A commercial brand rather than a breed, although all birds come from a 75-year-old bloodline of slow-growing turkeys. The brand requires growers to keep their turkeys to a minimum age and feed them on a specific diet. They are then dry-plucked and hung for at least a week. Available from kellybronze.co.uk.
A red-feathered breed, originating in Kentucky, and with a strong gamy flavour. These are slightly smaller than other breeds, although the males can weigh around 10kg, with females about 6kg. Free-range Bourbon reds, raised on the Suffolk-Essex border, hung for seven to 14 days and dry-plucked, can be ordered from farmison.com.
Norfolk black turkeys are descendants of some of the first turkeys to be brought here from America, and in the 18th century, large flocks would be walked to market in London from East Anglia. Driven to the brink of extinction in the 1960s, the breed was saved by the Peele family and you can still buy the distinctively gamy-flavoured birds from their farm near Norwich. See peeles-blackturkeys.co.uk.
Read more: The ultimate christmas food shopping list
How to cook the perfect bird
Dry brining your turkey
It’s not strictly necessary to brine a native bird, although if I were roasting a broad-breasted white, I’d consider it vital. That said, even for a “posh” turkey, it improves the flavour and makes it easier to carve. I used to wet brine my turkey in a vat of salt water, but dry brining is easier all round.
If you are cooking a crown, use half the amounts below.
- 3 level tbsp fine sea salt (45g)
- Grated zest of a lemon
- 1 tsp smoked paprika
- 1 tsp freshly ground black pepper
- Mix all the ingredients together. Run two teaspoons over the inside of the turkey. With your fingers (take off any rings), gently ease the skin of the turkey away from the breast, legs and thighs.
- Rub a teaspoon of the salt mixture under the skin over each breast, and another over each leg and thigh. Rub the remaining salt over the skin. Put the turkey in a deep dish in the fridge (I empty the bottom “salad drawer” and use that) for 36 to 48 hours. Ideally, it should be uncovered, as this makes for a crisper skin, but you can wrap it in greaseproof paper or a plastic bag.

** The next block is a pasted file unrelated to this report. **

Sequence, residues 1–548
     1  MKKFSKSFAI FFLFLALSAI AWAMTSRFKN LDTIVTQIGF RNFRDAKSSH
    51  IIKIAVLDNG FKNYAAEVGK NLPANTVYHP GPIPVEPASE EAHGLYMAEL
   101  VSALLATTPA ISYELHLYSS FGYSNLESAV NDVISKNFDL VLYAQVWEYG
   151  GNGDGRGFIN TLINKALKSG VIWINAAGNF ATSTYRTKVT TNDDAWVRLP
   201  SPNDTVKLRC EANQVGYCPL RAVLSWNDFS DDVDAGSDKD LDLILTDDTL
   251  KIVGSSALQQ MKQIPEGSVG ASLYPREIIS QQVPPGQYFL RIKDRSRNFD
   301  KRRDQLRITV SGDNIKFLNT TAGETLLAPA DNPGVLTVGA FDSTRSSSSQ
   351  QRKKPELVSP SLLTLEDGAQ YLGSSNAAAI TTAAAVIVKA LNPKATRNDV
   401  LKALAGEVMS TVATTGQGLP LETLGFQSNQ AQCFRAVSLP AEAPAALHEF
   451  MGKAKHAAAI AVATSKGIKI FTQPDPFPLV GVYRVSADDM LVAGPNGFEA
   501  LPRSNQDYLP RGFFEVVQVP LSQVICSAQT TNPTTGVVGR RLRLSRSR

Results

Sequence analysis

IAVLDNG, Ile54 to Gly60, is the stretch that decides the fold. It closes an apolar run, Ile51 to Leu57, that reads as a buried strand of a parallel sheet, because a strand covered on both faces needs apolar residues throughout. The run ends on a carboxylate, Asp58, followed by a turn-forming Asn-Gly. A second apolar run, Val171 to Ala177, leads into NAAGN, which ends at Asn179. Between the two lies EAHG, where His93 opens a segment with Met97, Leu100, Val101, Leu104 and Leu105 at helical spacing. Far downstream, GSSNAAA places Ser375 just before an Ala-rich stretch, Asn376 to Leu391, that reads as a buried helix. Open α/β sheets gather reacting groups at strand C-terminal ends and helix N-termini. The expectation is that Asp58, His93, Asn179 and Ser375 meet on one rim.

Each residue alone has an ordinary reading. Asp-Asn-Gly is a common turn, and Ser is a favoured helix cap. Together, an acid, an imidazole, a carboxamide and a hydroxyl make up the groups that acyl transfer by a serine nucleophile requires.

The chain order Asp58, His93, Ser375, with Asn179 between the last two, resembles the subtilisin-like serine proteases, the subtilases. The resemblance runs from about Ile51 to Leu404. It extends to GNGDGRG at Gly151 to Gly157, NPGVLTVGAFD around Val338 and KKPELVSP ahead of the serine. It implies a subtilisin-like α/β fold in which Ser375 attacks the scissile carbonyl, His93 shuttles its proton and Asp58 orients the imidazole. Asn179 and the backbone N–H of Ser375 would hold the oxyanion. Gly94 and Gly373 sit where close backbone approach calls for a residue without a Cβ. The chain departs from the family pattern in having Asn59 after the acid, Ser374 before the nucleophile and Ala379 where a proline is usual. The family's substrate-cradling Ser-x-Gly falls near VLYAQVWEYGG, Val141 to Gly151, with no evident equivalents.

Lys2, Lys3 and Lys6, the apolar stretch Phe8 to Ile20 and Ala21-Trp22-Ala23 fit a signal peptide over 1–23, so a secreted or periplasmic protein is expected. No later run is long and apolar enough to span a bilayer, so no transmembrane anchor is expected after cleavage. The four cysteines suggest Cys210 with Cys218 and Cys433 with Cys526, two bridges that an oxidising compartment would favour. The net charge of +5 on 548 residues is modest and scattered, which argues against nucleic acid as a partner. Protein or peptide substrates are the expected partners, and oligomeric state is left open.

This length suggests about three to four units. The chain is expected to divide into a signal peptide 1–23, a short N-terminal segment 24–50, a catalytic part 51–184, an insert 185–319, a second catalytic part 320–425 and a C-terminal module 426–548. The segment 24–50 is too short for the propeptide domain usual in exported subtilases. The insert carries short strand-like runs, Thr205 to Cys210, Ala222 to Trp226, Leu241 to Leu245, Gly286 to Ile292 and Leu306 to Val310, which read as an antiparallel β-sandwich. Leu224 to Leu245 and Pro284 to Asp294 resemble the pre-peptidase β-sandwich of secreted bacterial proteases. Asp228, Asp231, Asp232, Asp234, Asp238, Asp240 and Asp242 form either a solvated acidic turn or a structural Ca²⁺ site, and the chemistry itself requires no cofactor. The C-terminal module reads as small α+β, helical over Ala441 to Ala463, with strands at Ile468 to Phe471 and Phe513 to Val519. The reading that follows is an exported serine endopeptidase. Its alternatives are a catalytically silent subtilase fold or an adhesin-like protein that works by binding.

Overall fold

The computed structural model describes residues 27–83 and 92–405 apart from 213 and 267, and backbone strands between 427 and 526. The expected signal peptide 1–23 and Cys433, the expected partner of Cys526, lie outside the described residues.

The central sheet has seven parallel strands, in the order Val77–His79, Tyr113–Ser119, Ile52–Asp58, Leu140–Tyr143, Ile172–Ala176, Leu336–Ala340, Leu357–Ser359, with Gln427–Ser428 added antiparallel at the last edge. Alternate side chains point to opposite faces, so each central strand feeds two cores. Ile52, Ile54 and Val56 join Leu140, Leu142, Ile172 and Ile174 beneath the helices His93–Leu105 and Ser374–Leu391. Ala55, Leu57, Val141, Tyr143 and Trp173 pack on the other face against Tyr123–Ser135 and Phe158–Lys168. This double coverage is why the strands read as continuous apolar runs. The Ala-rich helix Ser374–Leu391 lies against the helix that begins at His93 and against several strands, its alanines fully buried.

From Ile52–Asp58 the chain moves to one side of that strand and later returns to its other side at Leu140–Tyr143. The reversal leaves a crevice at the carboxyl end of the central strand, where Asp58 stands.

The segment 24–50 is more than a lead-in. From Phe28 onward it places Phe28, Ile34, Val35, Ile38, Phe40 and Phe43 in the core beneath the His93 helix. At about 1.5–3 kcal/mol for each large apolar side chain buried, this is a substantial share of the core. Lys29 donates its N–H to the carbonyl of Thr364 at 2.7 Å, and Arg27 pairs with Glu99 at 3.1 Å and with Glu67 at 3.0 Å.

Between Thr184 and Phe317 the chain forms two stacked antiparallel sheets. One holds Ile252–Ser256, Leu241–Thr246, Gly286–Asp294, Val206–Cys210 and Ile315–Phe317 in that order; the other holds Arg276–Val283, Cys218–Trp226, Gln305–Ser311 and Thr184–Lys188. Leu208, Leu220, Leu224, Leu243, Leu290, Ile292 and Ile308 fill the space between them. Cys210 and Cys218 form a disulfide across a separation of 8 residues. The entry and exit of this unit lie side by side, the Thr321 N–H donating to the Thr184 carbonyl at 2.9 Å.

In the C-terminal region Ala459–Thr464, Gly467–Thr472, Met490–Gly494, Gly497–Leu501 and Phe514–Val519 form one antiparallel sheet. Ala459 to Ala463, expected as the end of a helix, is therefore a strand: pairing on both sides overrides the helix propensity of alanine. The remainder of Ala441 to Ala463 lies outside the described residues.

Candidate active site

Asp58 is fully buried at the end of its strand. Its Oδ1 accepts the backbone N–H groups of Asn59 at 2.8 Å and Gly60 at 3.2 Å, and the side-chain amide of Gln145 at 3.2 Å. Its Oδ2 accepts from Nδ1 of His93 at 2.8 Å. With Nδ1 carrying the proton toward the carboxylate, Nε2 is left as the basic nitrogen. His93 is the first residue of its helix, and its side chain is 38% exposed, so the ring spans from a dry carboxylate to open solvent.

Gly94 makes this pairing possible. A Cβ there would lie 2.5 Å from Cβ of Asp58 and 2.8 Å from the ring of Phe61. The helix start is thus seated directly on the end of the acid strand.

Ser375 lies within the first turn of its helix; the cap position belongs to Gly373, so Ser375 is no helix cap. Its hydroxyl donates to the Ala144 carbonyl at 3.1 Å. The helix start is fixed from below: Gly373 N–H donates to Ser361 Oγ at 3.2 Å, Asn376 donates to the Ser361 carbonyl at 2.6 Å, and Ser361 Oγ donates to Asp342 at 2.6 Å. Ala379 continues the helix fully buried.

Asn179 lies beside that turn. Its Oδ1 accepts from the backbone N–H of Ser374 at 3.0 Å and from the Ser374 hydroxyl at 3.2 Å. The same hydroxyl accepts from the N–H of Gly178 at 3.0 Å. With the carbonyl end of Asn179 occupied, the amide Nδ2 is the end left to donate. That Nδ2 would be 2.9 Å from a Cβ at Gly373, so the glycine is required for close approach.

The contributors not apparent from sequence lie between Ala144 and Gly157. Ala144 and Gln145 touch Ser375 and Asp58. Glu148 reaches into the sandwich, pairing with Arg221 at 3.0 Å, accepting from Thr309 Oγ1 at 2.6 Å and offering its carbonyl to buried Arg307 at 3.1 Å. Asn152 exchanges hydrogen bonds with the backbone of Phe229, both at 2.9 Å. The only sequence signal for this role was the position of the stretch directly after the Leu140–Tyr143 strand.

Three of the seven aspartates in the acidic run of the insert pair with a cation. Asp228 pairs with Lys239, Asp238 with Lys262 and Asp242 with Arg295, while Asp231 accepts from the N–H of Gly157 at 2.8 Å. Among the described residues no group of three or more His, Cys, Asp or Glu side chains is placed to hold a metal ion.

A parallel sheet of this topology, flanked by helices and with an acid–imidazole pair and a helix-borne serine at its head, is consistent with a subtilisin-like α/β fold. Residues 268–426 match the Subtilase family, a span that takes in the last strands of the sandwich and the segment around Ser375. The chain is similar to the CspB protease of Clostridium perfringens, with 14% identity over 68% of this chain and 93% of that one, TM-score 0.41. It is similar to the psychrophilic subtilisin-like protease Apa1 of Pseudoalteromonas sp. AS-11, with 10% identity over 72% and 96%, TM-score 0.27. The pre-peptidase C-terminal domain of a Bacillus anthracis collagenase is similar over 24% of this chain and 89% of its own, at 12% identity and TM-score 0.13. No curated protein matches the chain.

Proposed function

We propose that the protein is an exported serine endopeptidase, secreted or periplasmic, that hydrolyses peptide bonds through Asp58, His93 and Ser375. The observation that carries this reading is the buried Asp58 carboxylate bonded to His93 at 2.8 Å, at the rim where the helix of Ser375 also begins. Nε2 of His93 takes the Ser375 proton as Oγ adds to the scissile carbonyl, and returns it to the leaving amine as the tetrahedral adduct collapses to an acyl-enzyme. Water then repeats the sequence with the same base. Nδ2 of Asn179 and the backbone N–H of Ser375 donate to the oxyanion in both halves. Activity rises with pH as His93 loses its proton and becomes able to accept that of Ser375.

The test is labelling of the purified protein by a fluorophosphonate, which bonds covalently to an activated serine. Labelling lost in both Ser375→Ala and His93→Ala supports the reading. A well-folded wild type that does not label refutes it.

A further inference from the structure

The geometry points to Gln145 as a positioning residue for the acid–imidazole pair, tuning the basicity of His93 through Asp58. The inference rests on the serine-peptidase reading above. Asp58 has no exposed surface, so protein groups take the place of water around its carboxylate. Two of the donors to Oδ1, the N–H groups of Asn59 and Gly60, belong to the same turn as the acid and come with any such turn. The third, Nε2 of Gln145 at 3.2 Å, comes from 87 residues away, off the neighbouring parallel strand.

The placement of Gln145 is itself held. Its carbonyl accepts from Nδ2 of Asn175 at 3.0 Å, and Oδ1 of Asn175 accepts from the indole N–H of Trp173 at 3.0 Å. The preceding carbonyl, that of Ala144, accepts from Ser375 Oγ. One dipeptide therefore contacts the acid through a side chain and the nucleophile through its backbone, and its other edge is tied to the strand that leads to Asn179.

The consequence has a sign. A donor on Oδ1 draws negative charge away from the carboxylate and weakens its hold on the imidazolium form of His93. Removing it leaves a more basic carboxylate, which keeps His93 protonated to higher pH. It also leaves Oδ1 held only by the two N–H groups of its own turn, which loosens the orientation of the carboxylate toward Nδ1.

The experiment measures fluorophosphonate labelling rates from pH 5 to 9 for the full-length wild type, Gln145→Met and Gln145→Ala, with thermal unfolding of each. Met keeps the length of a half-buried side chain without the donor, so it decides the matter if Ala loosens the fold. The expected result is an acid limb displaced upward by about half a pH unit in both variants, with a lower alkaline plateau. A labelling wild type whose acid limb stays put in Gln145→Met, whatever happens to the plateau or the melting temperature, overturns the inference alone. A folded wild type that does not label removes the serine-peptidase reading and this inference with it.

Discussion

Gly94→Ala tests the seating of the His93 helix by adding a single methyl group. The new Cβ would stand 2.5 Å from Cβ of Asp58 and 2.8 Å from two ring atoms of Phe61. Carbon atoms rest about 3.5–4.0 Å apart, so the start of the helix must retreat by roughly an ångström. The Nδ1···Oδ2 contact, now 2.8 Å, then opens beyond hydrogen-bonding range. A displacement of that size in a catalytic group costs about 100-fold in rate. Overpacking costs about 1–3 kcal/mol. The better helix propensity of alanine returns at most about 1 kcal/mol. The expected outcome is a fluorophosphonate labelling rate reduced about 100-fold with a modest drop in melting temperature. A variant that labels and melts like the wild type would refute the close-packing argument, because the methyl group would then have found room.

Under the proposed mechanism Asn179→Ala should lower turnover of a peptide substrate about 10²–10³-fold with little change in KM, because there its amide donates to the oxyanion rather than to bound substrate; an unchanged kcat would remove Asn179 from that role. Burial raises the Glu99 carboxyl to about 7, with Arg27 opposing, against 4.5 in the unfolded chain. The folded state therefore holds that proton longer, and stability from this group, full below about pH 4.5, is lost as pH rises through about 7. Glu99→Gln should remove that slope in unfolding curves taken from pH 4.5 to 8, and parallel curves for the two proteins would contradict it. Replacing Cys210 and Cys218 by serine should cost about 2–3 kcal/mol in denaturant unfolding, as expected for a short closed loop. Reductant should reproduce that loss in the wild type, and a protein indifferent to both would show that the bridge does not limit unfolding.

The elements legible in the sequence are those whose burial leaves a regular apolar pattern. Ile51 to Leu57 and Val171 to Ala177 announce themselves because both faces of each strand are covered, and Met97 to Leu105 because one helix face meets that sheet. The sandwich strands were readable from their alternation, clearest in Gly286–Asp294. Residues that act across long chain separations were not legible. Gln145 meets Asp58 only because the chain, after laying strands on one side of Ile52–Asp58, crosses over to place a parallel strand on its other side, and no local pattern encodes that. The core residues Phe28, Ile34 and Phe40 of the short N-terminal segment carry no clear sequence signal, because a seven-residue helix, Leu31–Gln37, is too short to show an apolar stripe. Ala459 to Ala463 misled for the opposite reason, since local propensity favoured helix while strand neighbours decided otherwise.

Roasting a native breed turkey or turkey crown
The best way to guard against overcooking is to use a probe thermometer to check the temperature of your bird. Bear in mind that the temperature will rise a good 5C – and probably 10C – while the turkey rests.
- Bring the turkey out of the fridge at least two hours before you plan to cook it. Season with salt and pepper if you haven’t brined it. Untie any trussing.
- Heat the oven to 180C/ 160C fan/Gas 4.
- Put the turkey breast-side down on a rack in the roasting tin (a V-shaped rack works best). Add six to eight large unpeeled cloves of garlic to the tin. Don’t cover the bird at all.
- Roast for two hours for a 5kg turkey, adding 15 minutes for every kilogram above that.
- Halfway through the roasting time, check the temperature of the bird at the thickest part. In a white turkey, this is the breast, above the wing. In a native breed, it is more likely to be in the thigh. Check the temperature every half an hour from here on.
- Continue cooking until the temperature reaches 60C, then take the bird out. Keep in a warm spot to rest: if you like, you can cover it with foil and wrap it in towels. It should rest for at least an hour. Wrapped, it can rest twice as long.
We are likely to have more leftovers than usual this year. Here’s how to tackle them with no waste.
After Christmas lunch (next day is fine) strip all the meat from the bones. Have four bowls: for white meat, dark meat, skin and one for tiny scrappy bits. The meat can be frozen for up to two months. As for the bones and skin, make stock and turkey scratchings.
Put the bones in a pot or slow cooker and cover with water. Add parsley stalks, carrot peelings, a bay leaf and half an onion. Simmer for four hours (or overnight in a slow cooker). Strain and refrigerate, lifting off the fat that sets on top.
Lay the skin flat on a baking tray (one with a lip) and sprinkle with salt, plus a little cumin or chopped thyme if you like. Cover with a second tin, to press the skin flat, and bake for 15 to 20 minutes at 180C/Gas 4 until teak-coloured. Lay on kitchen paper to drain and crisp up. Eat as a snack or crumbled over a lettuce salad with a spiky mustard dressing.
Make rissoles by chopping the scraps and mixing with an equal volume of buttery mashed potato. For every 500g mixture, beat in a small egg, and shape into patties. Dip into flour, beaten egg and then breadcrumbs. Pan fry until golden on each side, and eat with mayonnaise and pickle.